Street Smart Chicago

Checkerboard City: What About Bob?

Bicycling, Checkerboard City, Green, News etc., Politics, South Loop No Comments »
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Bob Fioretti by the Dearborn protected bike lanes./Photo: John Greenfield

By John Greenfield

Second Ward Alderman Robert “Bob” Fioretti got a raw deal in last year’s ward remap. His district currently includes portions of several neighborhoods on the Near South and Near West sides, but in 2015 his territory will flip to the Near North Side, which means he has to win over a whole new set of voters in the next election.

Perhaps because he has an uphill reelection battle anyway, lately he’s had no qualms about going against the mayor’s wishes on issues ranging from charter schools to the renegotiation of the city’s reviled parking-meter contract. As part of a series of interviews with aldermen about their view on transportation issues, I recently had coffee with Fioretti downstairs from his law firm, a stone’s throw from the Dearborn protected bike lanes. Read the rest of this entry »

Checkerboard City: The Northwest Passage

Architecture, Avondale, Bicycling, Checkerboard City, Chicago History, City Life, Green No Comments »
Rob Reid, Mike Filipinski and Elisa Addlesperger on the 2900 block of North Elston.

Rob Reid, Mike Filipski and Elisa Addlesperger on the 2900 block of North Elston.

By John Greenfield

I’ve walked the whole length of eleven Chicago streets in order to experience aspects of local geography, architecture and culture that I might have overlooked using faster modes. So when Rob Reid, who writes the history blog Avondale Time Machine, invited me to join him and friends to hike all 9.5 miles of Elston Avenue last month, I couldn’t refuse.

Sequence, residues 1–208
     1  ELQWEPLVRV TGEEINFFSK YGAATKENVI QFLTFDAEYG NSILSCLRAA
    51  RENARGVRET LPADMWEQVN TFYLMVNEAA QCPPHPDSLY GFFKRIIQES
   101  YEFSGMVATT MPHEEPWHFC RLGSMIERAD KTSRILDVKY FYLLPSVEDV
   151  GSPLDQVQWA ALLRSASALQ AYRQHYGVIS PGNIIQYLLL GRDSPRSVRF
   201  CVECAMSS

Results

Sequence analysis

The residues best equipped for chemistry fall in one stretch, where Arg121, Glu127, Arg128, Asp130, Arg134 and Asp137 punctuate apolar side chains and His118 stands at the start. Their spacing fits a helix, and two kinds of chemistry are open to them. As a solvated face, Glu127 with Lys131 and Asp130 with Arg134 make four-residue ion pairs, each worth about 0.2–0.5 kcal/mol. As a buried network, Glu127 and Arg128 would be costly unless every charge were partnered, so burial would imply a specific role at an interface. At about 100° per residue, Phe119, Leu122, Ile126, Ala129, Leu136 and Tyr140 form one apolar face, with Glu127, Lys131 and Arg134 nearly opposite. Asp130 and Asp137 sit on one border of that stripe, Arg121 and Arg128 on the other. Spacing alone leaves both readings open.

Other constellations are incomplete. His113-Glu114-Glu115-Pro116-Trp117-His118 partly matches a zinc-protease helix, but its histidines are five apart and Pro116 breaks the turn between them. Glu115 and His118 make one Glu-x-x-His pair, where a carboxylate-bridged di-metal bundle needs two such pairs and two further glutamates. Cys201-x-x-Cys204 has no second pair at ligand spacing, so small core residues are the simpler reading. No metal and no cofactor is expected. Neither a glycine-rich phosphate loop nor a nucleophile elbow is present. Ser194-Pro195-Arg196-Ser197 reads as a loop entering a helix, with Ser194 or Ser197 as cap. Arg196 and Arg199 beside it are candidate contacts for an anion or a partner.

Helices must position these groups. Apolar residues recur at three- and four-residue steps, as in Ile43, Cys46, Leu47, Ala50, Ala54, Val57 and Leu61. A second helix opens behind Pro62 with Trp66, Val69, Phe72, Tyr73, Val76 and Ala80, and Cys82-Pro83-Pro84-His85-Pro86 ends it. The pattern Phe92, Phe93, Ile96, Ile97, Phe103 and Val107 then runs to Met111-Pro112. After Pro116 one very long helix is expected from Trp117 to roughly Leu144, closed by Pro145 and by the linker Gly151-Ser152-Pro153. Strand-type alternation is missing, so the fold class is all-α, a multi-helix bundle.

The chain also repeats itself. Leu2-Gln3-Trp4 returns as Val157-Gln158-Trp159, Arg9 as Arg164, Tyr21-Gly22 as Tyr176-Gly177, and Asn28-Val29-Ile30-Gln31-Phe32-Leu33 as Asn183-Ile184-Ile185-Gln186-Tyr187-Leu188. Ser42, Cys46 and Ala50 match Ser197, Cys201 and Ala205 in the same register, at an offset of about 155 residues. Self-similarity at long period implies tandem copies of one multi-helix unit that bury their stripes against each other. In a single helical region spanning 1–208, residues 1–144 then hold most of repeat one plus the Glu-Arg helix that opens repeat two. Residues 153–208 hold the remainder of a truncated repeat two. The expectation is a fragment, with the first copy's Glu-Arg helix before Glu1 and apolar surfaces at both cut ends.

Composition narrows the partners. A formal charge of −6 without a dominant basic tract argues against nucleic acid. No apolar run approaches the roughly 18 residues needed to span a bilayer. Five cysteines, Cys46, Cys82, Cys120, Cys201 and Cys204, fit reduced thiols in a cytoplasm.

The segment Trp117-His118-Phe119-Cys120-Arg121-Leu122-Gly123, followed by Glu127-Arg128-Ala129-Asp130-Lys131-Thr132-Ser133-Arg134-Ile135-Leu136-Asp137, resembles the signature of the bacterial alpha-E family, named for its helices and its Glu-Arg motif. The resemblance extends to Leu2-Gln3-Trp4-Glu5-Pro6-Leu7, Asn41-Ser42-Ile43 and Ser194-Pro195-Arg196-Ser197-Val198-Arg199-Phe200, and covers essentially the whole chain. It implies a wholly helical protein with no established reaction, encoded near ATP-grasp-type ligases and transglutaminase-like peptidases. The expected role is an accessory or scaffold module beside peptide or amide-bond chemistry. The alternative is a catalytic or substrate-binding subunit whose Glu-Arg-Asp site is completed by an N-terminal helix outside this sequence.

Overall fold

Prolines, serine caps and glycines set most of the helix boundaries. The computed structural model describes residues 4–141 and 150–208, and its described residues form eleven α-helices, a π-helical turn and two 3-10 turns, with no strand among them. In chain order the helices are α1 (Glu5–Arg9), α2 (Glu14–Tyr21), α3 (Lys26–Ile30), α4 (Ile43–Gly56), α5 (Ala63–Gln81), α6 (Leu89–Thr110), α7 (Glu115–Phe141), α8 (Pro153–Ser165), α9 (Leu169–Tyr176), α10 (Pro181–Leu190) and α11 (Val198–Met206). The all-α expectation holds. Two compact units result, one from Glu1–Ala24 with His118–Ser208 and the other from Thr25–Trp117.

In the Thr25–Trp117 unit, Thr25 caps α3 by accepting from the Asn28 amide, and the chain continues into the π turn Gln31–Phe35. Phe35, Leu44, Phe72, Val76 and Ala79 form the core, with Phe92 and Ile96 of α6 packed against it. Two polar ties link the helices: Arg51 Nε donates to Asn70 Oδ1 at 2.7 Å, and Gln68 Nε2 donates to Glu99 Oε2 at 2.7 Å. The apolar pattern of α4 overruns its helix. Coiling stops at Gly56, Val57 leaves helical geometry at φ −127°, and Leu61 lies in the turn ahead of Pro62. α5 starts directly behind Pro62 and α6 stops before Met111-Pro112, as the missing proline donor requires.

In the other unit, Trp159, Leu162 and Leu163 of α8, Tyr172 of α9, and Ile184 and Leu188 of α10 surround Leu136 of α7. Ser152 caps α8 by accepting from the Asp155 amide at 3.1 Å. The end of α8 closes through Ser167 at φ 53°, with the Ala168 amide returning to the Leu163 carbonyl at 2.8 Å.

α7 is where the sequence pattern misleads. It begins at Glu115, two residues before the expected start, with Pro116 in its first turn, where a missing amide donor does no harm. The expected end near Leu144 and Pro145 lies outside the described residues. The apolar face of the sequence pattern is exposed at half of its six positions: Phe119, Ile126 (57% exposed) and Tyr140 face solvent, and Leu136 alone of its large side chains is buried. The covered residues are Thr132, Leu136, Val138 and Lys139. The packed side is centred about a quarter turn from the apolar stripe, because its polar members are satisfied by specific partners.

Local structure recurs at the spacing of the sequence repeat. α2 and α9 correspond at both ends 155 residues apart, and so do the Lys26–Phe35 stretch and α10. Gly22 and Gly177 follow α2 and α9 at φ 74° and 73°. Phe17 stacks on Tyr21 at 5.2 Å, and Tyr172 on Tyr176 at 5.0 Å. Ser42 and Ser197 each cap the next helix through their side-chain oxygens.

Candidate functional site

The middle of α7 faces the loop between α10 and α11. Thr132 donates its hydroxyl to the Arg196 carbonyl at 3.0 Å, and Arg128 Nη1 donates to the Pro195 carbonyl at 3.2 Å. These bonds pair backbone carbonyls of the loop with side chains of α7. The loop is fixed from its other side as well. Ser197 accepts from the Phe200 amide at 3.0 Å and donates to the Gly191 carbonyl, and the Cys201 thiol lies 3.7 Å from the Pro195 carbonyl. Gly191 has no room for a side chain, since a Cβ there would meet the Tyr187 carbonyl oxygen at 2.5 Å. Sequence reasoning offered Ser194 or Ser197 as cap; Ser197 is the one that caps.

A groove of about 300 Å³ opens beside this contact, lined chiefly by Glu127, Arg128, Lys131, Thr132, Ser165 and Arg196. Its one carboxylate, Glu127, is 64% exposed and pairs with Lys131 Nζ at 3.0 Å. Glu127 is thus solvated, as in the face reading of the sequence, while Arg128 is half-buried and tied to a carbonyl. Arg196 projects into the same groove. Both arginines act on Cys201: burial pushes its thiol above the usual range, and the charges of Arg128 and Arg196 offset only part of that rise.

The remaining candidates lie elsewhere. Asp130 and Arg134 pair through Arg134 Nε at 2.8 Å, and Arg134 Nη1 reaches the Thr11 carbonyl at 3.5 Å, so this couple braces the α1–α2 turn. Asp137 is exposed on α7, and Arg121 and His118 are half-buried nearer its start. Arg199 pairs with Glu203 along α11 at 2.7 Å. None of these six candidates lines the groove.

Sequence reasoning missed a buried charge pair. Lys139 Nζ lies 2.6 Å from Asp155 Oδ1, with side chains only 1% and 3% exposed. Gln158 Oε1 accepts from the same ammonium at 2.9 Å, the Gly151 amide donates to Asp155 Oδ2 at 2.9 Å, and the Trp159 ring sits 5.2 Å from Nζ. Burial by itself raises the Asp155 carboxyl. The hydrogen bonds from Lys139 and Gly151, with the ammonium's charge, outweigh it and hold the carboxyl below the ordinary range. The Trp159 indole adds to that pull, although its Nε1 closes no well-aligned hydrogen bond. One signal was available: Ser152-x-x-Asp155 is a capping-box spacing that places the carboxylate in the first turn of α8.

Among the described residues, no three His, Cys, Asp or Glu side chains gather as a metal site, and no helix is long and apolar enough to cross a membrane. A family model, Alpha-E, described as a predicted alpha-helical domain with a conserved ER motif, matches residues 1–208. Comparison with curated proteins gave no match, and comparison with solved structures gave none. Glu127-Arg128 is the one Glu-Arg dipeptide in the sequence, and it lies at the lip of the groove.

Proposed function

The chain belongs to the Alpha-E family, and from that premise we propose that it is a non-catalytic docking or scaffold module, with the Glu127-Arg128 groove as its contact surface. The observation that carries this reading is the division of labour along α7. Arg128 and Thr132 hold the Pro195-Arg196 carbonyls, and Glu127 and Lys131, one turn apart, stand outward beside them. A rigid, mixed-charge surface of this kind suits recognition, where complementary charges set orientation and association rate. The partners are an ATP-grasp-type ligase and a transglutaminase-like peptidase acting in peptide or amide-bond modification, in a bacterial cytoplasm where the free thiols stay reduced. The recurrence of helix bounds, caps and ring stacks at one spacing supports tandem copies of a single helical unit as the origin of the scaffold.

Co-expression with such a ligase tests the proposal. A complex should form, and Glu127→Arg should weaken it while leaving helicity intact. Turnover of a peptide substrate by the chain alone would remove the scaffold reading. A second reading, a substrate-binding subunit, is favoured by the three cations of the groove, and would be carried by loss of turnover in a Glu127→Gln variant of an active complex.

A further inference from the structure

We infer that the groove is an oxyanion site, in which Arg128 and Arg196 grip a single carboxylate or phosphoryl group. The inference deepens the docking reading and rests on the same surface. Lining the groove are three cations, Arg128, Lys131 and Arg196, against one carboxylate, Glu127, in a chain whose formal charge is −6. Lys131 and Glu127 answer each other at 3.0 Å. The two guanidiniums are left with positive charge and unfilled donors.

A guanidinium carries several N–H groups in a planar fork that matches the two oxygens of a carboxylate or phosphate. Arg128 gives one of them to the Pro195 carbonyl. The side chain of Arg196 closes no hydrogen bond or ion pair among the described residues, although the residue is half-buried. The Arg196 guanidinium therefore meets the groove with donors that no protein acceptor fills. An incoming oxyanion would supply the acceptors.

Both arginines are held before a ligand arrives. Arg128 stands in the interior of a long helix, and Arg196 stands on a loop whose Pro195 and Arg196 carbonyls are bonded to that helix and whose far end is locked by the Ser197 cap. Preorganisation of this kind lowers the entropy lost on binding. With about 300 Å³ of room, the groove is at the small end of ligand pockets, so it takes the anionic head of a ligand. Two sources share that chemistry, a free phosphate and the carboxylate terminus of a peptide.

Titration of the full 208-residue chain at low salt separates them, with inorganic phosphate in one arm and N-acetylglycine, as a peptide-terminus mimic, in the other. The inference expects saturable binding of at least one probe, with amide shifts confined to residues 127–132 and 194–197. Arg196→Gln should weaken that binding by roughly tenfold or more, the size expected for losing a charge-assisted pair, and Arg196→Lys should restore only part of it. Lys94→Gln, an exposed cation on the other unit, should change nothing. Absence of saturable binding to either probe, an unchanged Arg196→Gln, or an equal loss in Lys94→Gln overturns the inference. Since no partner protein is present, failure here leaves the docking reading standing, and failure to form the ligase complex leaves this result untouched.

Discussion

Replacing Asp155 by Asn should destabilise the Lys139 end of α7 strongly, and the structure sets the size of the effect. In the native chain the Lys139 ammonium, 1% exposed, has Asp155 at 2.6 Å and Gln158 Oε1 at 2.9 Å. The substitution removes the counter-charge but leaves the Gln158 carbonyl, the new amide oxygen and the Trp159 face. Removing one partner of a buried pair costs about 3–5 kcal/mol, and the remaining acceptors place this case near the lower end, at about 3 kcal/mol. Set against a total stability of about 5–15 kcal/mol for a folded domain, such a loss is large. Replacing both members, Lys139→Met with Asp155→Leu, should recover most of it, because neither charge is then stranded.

The street’s namesake was Daniel Elston, a London merchant who immigrated to Chicago in the early 1800s. By 1830 he’d bought a 160-acre parcel in River West, located along a crooked wagon road. The multitalented settler established several businesses—making soap, candles, bricks, beer and whiskey—he also served as a school inspector and alderman.

While Elston was first living by the thoroughfare that would later bear his name, it was a plank toll road owned by Amos Snell, who charged travelers two-and-a-half cents per mile to use it. Displeased with this, local farmers staged a Boston Tea Party of sorts—they dressed up like Indians, chopped down the toll gates and burned them. Read the rest of this entry »

The Long, Hot Summer of Transportation

Bicycling, Checkerboard City, Green, Transit 2 Comments »
Bike rush hour on Milwaukee, torn up for repaving / Photo: John Greenfield

Bike rush hour on Milwaukee, torn up for repaving/Photo: John Greenfield

By John Greenfield

Trust me, my friends, this is the year sustainable transportation blows up in Chicago. Say what you want about Rahm Emanuel’s record on education, crime and privatization. But since he took office in early 2011, joined by forward-thinking Transportation Commissioner Gabe Klein and shrewd CTA President Forrest Claypool, the city has embarked on a number of bold projects to encourage walking, biking and transit use. I promise the next three months are going to be a tipping point as we make the move from the car-centric status quo to becoming a healthier, more efficient and more vibrant city. Read the rest of this entry »

Checkerboard City: Strap It On?

Bicycling, Checkerboard City, Green, News etc. No Comments »
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Chicago’s Divvy bike-share vehicles won’t come with helmets.

By John Greenfield

Last summer when I visited Copenhagen, I drank Carlsberg beer with Mikael Colville-Andersen, one of the world’s most influential and controversial bicycle advocates, in his lush back yard while his kids practiced soccer and picked flowers. Colville-Andersen heads the consulting firm Copenhagenize, advising politicians, planners and advocates on ways to copy the success of the bike-friendly Danish capital, but he’s probably better known for his wildly popular photo blog, Copenhagen Cycle Chic.